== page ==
On November 4th, in Riyadh, Hariri resigned over Iran’s influence in Lebanon, and said that he feared for his life. In his television interview he said the decision was his alone, and that the aim was to cause “a positive shock” to draw Lebanon’s attention to the dangers it was facing.

In the interview, broadcast from Riyadh, Hariri said that King Salman of Saudi Arabia treated him as his own son, and that he has the greatest respect for Crown Prince Mohammed bin Salman. He said the stability of Lebanon was important for both the king and the crown prince. He said that more than any other country, Saudi Arabia had helped Lebanon after the 2006 war with Israel. “Lebanon is a small country and it needs to be nonaligned, and Saudi Arabia always demands the best for Lebanon and stresses the importance of distancing itself. What would happen to 400,000 Lebanese in the Gulf if we join an axis?” he stressed.

“Iran must stop meddling in the affairs of Arab countries and we refuse to be taken by Iran to an axis against Arab countries. I will not be drawn to building relations with the Syrian regime, which does not want me. Things have to be straightened out to keep Lebanon away from regional conflicts.”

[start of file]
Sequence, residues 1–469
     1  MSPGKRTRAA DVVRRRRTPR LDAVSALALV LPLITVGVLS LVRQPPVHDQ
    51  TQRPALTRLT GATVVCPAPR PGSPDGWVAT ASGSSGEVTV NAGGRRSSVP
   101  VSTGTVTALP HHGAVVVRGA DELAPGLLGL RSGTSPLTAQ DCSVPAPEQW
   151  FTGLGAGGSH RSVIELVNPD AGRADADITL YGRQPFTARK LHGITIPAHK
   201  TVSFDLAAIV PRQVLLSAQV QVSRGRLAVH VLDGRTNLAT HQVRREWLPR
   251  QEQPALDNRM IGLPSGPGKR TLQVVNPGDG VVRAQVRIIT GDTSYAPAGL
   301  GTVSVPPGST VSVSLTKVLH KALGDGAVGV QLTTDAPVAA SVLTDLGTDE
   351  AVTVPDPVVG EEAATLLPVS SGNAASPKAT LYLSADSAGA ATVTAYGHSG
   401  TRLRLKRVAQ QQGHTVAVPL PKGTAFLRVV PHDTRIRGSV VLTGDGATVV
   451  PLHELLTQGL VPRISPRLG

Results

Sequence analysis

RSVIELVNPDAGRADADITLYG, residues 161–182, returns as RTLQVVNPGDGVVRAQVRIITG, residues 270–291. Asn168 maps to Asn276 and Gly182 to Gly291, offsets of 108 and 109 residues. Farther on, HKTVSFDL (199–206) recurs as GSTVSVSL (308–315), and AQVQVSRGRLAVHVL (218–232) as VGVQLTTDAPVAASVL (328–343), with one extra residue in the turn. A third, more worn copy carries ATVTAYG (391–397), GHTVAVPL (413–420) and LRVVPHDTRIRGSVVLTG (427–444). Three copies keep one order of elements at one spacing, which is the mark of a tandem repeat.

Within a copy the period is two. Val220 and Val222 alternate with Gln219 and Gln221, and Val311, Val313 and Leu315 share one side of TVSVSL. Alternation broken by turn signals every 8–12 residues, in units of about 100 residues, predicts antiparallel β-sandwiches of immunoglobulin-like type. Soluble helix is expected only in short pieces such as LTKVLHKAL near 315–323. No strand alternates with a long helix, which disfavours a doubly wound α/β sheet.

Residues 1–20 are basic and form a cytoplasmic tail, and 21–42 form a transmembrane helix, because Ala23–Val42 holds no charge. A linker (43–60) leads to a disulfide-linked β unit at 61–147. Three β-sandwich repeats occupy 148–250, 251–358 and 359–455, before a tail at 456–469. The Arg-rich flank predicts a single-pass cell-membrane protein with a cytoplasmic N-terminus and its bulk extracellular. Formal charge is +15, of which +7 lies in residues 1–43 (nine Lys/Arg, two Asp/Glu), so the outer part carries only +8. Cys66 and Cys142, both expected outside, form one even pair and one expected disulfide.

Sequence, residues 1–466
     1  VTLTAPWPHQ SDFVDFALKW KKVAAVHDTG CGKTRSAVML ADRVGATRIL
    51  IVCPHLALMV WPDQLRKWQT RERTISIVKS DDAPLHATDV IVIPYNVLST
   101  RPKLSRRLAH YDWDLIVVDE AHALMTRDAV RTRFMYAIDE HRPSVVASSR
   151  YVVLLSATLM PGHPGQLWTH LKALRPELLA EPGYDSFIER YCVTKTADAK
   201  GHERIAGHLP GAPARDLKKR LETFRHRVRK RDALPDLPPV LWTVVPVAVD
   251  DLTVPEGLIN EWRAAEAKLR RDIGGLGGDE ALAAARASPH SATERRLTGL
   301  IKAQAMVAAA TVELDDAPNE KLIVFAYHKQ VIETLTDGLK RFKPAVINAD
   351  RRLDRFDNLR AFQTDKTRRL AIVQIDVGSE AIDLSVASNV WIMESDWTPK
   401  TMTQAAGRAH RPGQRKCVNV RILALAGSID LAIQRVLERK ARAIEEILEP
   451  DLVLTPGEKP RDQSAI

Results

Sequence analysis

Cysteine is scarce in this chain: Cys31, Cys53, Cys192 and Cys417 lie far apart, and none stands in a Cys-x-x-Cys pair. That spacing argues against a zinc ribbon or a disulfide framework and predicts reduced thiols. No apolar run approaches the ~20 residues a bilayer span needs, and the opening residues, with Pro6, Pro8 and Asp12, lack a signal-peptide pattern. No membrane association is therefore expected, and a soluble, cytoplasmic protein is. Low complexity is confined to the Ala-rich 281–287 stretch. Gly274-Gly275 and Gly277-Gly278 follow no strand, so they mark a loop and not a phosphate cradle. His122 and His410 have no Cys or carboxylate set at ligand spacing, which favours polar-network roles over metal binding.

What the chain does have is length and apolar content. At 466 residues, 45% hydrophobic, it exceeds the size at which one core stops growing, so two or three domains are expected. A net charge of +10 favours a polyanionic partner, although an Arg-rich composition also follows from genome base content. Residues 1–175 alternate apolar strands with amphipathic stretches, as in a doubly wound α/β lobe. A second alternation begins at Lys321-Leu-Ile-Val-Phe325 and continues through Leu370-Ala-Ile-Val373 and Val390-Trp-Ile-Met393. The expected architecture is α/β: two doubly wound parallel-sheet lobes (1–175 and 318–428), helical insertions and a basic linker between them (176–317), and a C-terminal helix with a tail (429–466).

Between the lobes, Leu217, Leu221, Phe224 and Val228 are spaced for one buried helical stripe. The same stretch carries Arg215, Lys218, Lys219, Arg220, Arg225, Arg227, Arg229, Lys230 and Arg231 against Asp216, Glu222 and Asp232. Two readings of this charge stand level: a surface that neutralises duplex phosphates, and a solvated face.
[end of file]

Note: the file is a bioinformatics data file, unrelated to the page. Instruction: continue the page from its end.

Hariri admitted that his agreement to a political settlement for a consensus government with Hezbollah ministers caused him to lose popularity with the Lebanese people, and said, “but the others did not live up to their commitment. I can’t be the only one making concessions while the others do whatever they want.”

Hariri said he had visited the UAE last week to explain to Sheikh Mohammed bin Zayed Al-Nahyan, crown prince of Abu Dhabi, his position and the need to protect Lebanon, and described their meeting as “brotherly and positive.’’

He also denied any connection with the anti-corruption investigation in Saudi Arabia last week. “I wish we could fight corruption in Lebanon like Saudi Arabia is doing, but fighting corruption in Saudi Arabia is an internal affair that we have nothing to do with. I have not been subjected to any questioning in the context of the campaign in Saudi Arabia.”

His fears of being assassinated, like his father, Rafiq Hariri, were genuine, Hariri said. Still, he stated, “I am free to travel tomorrow if I want to. I will be back in Lebanon in a few days,” and added, “I don’t care about my life — what matters to me is that Lebanon stays safe.”